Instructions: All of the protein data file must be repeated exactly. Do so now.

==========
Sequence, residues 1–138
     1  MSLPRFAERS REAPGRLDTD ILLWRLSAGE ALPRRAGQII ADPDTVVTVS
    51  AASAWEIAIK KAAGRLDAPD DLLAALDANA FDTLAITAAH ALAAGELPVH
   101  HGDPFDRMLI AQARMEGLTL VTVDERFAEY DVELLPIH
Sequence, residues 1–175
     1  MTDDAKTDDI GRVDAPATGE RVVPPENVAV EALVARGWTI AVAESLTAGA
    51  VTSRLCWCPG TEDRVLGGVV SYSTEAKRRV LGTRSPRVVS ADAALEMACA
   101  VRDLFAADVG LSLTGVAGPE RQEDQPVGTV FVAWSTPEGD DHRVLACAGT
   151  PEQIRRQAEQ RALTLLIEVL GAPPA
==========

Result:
Sequence, residues 1–138
     1  MSLPRFAERS REAPGRLDTD ILLWRLSAGE ALPRRAGQII ADPDTVVTVS
    51  AASAWEIAIK KAAGRLDAPD DLLAALDANA FDTLAITAAH ALAAGELPVH
   101  HGDPFDRMLI AQARMEGLTL VTVDERFAEY DVELLPIH
Sequence, residues 1–175
     1  MTDDAKTDDI GRVDAPATGE RVVPPENVAV EALVARGWTI AVAESLTAGA
    51  VTSRLCWCPG TEDRVLGGVV SYSTEAKRRV LGTRSPRVVS ADAALEMACA
   101  VRDLFAADVG LSLTGVAGPE RQEDQPVGTV FVAWSTPEGD DHRVLACAGT
   151  PEQIRRQAEQ RALTLLIEVL GAPPA